In phase B, most systems focused on using embeddings and deep learning methodologies to tackle the tasks. For example the “BJUTNLP” system utilizes the SQUAD Dataset for pre-training. The system uses both GloVe embeddings [pennington2014glove] (fine tuned during training) and character-level word embeddings (through a 1-dimensional CNN) as input to a BiLSTM model and for each question a Pointer Network [see2017get] is finally responsible for pinpointing the exact start and end position of the answer in the relevant snippets.
The “BIOASQ_VK” systems were based on BioBERT [lee2019biobert], but with novel modifications to allow the model to cope with yes/no, factoid and list questions [Kanjirangat2019]. They pre-trained the model on the SQUAD dataset (for factoid and list questions) and SQUAD2 (for yes/no questions) to leverage the small size of the BioASQ dataset and by exploiting different pre-/post-processing techniques they obtained great results on all subtasks.
The “DMIS” systems focused on the importance of the information (words, phrases and sentences) for a given question [Yoon2019]. To this end, sentence level embeddings based on ELMo embeddings [Peters2018] and attention mechanisms facilitated by Dynamic Memory Networks (DMN) [kumar2016ask]
are deployed. Moreover, sentiment analysis is performed on yes/no questions to guide the classification (positive corresponds to yes) using the NLTK-VADER[hutto2014vader] tool.
The “google” systems [Hosein2019], focus on factoid questions and are based on BERT based models [devlin2018bert], specifically the one in [alberti2019bert] trained on the Natural Questions [kwiatkowski2019natural] dataset, while also utilizing the CoQA [reddy2019coqa] and the BioASQ datasets. They experiment with different input to the models, including the abstracts of relevant articles, the provided gold snippets and predicted relevant snippets. In particular, they focus on error propagation in end-to-end information retrieval and question answering systems, reaching the interesting conclusion that the information retrieval part is a bottleneck for such end-to-end QA systems.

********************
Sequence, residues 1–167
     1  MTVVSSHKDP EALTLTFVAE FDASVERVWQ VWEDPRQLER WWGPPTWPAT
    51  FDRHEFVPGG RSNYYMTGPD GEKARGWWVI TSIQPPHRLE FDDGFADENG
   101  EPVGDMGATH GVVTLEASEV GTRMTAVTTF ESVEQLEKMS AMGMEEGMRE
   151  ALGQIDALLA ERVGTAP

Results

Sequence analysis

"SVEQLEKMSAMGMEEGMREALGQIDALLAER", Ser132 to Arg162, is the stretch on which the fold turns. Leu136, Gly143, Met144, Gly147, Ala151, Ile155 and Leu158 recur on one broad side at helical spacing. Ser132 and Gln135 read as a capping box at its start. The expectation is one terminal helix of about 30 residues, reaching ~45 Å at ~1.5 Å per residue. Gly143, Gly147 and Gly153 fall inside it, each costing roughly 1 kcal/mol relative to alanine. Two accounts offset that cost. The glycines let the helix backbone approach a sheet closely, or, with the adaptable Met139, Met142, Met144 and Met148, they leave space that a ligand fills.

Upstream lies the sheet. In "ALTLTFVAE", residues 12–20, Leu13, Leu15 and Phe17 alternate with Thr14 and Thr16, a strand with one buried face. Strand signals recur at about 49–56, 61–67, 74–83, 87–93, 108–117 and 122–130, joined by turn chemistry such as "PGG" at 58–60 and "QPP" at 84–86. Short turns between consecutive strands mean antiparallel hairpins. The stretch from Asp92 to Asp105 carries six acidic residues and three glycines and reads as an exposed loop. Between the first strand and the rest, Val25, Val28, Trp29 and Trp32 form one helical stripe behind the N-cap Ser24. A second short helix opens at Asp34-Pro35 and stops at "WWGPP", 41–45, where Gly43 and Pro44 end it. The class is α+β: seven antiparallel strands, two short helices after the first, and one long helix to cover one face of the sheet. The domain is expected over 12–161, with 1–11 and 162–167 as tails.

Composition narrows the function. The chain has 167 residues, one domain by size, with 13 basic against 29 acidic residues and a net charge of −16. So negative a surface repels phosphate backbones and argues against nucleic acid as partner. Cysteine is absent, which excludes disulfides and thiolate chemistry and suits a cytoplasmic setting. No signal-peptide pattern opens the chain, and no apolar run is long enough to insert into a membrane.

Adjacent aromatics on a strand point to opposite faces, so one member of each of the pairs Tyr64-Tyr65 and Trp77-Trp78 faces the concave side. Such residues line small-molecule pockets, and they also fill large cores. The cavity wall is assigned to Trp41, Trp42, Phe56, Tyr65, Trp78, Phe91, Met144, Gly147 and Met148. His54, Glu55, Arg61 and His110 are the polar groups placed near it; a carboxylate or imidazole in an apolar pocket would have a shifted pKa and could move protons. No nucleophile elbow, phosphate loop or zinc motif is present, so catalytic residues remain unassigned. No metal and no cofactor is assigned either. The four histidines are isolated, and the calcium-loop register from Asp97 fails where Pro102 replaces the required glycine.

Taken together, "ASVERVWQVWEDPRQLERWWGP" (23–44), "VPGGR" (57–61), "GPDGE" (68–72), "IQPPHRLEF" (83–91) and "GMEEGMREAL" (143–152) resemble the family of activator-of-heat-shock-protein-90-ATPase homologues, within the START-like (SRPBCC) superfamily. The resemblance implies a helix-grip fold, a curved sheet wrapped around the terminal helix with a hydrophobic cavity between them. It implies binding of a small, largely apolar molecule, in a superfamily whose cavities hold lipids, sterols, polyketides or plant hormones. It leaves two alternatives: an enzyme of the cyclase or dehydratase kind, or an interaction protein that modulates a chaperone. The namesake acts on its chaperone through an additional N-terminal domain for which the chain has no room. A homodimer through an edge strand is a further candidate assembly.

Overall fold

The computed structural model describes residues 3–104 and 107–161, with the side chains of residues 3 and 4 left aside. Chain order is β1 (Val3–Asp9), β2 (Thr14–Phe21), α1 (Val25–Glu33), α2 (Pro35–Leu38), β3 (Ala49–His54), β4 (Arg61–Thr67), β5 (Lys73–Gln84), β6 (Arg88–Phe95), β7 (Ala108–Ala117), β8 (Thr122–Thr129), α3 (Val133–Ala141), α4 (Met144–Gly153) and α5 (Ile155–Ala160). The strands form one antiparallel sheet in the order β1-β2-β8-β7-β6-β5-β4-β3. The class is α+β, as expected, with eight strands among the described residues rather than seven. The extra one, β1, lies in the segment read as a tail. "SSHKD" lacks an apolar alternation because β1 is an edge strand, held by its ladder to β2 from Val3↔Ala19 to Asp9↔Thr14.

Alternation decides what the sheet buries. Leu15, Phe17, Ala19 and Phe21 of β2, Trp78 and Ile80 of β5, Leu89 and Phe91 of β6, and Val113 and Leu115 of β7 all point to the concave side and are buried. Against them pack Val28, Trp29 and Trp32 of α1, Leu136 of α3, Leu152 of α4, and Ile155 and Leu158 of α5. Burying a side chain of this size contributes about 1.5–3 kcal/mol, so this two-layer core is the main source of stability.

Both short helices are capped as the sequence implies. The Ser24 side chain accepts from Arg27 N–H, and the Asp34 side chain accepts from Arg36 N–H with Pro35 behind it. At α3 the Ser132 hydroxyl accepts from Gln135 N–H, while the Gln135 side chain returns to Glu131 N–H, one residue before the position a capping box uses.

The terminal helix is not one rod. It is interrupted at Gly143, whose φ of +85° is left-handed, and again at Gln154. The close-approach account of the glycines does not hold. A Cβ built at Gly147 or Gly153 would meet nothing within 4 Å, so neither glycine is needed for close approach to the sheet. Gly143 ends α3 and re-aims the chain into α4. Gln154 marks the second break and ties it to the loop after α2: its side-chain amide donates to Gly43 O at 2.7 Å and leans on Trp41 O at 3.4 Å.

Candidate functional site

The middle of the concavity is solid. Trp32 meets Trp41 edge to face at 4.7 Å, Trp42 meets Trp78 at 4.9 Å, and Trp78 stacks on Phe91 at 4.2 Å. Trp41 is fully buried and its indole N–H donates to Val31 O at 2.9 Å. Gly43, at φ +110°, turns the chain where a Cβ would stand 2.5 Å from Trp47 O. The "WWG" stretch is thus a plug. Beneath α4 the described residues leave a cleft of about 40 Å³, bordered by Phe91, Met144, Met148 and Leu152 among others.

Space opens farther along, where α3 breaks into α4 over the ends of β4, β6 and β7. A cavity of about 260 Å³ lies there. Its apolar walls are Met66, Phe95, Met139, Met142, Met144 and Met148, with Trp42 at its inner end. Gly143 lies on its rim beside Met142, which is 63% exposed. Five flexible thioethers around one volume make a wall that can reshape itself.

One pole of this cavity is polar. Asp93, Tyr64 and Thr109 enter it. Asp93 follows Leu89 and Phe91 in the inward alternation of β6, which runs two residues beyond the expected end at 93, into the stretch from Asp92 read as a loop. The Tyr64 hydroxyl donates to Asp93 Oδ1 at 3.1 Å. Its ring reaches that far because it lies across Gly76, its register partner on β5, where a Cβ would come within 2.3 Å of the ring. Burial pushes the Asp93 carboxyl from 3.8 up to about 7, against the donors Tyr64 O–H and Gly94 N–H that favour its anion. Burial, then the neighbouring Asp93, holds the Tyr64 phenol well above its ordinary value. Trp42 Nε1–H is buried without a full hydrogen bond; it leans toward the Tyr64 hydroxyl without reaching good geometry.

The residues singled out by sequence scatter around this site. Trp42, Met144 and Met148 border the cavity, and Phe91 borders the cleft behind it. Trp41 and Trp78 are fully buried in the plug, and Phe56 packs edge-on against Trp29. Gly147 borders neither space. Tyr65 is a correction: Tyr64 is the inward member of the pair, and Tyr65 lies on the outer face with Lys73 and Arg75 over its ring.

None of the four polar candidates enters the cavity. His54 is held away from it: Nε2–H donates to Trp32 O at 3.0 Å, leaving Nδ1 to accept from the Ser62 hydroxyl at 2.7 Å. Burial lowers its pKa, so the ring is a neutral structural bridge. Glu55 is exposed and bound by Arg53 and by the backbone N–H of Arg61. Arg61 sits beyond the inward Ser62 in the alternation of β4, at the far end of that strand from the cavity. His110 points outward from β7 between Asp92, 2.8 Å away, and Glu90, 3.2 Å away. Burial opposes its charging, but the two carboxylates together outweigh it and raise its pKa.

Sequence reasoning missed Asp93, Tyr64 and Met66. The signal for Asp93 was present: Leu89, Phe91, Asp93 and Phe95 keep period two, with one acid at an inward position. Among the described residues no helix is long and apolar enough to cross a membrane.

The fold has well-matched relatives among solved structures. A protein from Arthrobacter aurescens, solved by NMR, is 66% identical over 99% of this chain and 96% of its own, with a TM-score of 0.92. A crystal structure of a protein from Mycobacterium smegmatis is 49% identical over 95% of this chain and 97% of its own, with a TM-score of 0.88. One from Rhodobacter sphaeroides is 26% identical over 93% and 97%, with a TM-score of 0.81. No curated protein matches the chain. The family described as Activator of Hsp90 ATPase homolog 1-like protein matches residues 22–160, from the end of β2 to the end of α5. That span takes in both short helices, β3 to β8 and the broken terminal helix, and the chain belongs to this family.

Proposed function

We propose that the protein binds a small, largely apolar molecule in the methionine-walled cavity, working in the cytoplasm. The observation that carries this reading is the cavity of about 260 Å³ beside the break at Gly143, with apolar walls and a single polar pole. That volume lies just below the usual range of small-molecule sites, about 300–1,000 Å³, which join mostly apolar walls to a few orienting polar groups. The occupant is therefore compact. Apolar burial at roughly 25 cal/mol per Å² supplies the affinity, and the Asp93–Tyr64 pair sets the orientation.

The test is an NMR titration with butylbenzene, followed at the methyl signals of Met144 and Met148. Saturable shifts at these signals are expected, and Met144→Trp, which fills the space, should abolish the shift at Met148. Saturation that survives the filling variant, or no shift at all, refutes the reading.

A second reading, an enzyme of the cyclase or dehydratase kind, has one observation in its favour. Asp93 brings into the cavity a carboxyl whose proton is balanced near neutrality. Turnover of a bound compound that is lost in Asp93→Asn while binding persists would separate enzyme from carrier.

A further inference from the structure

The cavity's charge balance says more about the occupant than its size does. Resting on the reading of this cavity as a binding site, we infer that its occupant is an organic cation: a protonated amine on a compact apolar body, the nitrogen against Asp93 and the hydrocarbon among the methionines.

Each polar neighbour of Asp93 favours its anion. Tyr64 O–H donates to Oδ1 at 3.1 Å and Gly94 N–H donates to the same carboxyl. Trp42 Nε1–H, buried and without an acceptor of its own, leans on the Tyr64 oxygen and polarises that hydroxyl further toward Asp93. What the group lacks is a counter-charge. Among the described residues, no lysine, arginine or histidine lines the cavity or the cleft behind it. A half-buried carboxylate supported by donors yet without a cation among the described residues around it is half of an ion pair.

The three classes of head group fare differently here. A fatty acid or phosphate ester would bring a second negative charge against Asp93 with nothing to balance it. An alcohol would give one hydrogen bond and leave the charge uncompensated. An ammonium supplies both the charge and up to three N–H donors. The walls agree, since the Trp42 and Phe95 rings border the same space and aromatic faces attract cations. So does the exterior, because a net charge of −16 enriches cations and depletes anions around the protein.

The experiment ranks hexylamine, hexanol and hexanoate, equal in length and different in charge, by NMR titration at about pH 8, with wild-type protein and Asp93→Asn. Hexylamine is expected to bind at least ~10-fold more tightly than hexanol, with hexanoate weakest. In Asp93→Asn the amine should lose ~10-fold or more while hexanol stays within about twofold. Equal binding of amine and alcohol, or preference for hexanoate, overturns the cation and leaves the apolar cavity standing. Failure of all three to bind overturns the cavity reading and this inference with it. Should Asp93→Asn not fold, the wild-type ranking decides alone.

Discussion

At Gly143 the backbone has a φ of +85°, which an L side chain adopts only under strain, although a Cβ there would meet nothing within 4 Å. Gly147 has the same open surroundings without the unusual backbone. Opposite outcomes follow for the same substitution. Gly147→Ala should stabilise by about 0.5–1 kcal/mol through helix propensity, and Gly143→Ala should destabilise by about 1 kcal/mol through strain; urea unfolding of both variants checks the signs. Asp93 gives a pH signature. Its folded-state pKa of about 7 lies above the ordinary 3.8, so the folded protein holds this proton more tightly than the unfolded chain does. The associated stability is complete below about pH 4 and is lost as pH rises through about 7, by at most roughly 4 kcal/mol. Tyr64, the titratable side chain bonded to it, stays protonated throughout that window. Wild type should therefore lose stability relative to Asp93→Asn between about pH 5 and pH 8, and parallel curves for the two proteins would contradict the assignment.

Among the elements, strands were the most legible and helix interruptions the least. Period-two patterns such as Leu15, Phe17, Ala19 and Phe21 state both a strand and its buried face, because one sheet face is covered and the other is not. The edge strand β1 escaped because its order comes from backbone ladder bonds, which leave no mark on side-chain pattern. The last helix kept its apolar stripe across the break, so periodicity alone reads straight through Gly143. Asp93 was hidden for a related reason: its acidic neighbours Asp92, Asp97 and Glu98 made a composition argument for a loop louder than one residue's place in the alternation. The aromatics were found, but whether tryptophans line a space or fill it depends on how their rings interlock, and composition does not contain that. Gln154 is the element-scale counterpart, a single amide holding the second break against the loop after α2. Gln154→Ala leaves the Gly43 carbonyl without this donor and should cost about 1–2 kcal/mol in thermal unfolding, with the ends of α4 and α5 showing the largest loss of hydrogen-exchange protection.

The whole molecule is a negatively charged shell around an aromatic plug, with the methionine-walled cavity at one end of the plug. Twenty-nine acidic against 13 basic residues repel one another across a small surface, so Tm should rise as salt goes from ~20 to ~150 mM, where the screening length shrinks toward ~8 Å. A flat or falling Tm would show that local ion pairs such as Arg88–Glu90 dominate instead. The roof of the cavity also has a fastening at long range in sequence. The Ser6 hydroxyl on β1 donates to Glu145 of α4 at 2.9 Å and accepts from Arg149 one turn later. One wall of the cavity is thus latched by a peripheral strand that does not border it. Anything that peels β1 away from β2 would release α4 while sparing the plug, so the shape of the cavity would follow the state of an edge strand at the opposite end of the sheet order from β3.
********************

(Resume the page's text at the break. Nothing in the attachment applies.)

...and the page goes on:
Interesting results come from the “L2PS” team where they quantify the importance of pre-training and fine-tuning models for question answering and view the task under different regimes, namely Reading Comprehension (RC) and Open QA [Kamath2019]. For the RC regime they use DRQA’s document reader [chen2017reading] while for the Open QA they utilize the PSPR model [lin2018denoising]. They experiment with different datasets (SQUAD [rajpurkar2016squad] for RC and Quasar-T [dhingra2017quasar] for Open QA) for fine-tuning the models, as well as BioBert [lee2019biobert] embeddings to gain insights on the effect of the context length in this task.
The “LabZhu” [zhang2015]